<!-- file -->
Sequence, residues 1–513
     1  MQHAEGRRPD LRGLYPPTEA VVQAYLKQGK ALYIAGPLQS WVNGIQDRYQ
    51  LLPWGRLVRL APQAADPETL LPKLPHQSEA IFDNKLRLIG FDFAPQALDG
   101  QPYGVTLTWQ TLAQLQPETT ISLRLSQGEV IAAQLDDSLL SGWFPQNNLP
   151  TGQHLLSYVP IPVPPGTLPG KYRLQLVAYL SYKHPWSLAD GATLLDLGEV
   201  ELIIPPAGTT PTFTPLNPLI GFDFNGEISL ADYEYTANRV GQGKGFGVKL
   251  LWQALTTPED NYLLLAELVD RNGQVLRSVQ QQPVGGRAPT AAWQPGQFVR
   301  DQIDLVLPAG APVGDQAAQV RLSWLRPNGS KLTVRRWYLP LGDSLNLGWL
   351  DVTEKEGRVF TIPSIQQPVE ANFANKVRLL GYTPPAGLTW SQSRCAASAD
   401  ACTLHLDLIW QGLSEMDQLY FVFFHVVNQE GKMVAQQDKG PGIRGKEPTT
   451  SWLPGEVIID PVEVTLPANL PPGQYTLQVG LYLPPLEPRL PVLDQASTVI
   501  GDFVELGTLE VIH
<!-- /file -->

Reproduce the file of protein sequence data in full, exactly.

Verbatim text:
Sequence, residues 1–513
     1  MQHAEGRRPD LRGLYPPTEA VVQAYLKQGK ALYIAGPLQS WVNGIQDRYQ
    51  LLPWGRLVRL APQAADPETL LPKLPHQSEA IFDNKLRLIG FDFAPQALDG
   101  QPYGVTLTWQ TLAQLQPETT ISLRLSQGEV IAAQLDDSLL SGWFPQNNLP
   151  TGQHLLSYVP IPVPPGTLPG KYRLQLVAYL SYKHPWSLAD GATLLDLGEV
   201  ELIIPPAGTT PTFTPLNPLI GFDFNGEISL ADYEYTANRV GQGKGFGVKL
   251  LWQALTTPED NYLLLAELVD RNGQVLRSVQ QQPVGGRAPT AAWQPGQFVR
   301  DQIDLVLPAG APVGDQAAQV RLSWLRPNGS KLTVRRWYLP LGDSLNLGWL
   351  DVTEKEGRVF TIPSIQQPVE ANFANKVRLL GYTPPAGLTW SQSRCAASAD
   401  ACTLHLDLIW QGLSEMDQLY FVFFHVVNQE GKMVAQQDKG PGIRGKEPTT
   451  SWLPGEVIID PVEVTLPANL PPGQYTLQVG LYLPPLEPRL PVLDQASTVI
   501  GDFVELGTLE VIH